Environmental impact is more than just the energy used for heating. Look at the full life-cycle of a house to trace the energy consumed, the carbon released or stored, and the land and resource impacts of different building technologies to understand the ecological footprint of a structure.

At Heartland Timber Homes, we are proud that our timber comes from best sustainable forestry practices, including salvage logging. Our short-timber building system (no timber longer than 9 feet) uses a common timber type. There are many trees that can produce an 8” or 10” thick timber in thier first 10 feet. But 30’ or 40’ cabin logs are much less common.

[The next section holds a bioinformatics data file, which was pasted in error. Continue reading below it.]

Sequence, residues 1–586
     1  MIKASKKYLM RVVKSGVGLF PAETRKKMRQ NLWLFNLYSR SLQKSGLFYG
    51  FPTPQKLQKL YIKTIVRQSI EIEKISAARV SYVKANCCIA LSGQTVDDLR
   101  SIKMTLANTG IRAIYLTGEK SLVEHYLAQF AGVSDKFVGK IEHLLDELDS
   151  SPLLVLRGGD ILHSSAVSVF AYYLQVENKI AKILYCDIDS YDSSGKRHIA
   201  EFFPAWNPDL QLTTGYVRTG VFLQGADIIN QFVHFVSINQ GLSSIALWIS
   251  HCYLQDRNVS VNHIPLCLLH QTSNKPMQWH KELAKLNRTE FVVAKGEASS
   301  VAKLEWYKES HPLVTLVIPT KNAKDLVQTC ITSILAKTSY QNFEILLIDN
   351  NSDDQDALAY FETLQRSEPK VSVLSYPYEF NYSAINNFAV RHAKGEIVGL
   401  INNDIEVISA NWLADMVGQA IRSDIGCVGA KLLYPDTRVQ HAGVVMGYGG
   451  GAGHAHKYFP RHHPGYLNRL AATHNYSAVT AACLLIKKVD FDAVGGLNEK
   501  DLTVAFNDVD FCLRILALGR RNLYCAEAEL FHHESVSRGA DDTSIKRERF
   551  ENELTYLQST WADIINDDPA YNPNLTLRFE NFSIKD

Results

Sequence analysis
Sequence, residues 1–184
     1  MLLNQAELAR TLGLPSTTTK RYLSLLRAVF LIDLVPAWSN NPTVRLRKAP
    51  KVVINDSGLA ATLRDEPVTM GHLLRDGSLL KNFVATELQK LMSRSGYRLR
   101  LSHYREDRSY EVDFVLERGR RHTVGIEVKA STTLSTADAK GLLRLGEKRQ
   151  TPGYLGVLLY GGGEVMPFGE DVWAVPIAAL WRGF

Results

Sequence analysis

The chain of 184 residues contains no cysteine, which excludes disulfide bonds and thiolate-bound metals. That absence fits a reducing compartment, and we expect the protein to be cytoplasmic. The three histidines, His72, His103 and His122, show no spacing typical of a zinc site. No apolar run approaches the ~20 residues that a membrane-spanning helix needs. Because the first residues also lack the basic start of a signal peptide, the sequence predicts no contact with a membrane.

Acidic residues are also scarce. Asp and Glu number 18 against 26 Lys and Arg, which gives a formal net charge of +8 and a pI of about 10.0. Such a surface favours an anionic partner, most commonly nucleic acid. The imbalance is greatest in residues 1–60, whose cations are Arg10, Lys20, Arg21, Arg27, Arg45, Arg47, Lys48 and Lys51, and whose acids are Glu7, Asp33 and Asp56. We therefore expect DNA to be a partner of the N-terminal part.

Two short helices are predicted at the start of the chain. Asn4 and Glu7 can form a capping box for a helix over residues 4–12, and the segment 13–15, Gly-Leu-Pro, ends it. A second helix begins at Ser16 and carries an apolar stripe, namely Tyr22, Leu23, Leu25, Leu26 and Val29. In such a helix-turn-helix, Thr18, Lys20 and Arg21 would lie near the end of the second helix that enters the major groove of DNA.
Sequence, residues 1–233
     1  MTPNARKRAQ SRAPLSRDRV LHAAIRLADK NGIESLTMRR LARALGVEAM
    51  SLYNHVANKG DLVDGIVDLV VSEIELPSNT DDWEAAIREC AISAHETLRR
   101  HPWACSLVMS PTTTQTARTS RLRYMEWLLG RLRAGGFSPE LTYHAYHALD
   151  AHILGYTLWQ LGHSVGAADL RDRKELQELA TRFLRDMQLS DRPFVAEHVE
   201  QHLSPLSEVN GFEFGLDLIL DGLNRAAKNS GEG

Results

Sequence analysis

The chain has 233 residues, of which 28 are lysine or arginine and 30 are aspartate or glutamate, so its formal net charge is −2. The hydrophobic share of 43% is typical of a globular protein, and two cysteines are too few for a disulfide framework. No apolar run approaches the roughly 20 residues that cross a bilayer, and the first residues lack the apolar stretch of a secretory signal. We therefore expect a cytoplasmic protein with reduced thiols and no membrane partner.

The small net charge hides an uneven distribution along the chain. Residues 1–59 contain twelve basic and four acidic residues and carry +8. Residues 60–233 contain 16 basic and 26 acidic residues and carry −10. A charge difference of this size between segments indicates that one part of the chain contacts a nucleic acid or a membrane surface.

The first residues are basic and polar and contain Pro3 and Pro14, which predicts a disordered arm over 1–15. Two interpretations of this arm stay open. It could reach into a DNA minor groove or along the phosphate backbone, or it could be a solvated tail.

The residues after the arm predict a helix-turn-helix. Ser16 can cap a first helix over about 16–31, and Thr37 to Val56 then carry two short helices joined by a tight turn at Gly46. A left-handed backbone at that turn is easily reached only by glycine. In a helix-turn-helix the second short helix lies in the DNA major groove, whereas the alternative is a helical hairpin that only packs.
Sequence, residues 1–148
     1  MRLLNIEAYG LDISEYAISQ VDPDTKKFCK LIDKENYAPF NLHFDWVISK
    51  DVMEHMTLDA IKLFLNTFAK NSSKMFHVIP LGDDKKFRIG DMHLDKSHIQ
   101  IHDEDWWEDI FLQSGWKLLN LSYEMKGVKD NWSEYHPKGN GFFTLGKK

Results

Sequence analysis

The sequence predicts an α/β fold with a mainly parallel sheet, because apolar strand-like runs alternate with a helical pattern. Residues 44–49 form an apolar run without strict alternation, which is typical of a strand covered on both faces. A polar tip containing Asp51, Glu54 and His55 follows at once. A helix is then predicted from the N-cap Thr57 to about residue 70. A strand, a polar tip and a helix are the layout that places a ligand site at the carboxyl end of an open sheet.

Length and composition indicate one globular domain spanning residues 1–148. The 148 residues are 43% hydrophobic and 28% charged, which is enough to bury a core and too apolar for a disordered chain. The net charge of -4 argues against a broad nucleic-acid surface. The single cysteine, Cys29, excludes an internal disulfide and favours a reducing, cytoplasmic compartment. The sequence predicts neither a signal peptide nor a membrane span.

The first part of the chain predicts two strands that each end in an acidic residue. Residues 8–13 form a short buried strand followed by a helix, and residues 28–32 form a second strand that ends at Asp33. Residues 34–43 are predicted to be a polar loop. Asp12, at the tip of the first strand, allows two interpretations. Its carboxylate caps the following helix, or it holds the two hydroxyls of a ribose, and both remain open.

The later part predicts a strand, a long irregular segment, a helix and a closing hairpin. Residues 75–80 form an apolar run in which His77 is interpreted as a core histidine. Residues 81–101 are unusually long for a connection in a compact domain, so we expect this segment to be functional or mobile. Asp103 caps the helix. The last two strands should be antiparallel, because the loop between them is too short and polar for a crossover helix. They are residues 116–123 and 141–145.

Moreover, the energy used in producing a Heartland Timber Home is but a fraction of that needed to produce a house built of synthetic materials. After all, solid timber is manufactured in a “solar factory” and it stores carbon – it doesn’t release it. Because we salvage standing dry trees, we do not even have to use energy in a kiln.

Timber homes last longer than conventional homes, and at the end of their long life, they can be safely and cleanly decommissioned. On a year-round basis, the energy used for winter heating and summer cooling is efficient indeed.

Look at the “Life-cycle Ecological Footprint” graph below which compares the environmental impacts caused by the most common buildings. Solid timber is but a fraction of any of the others.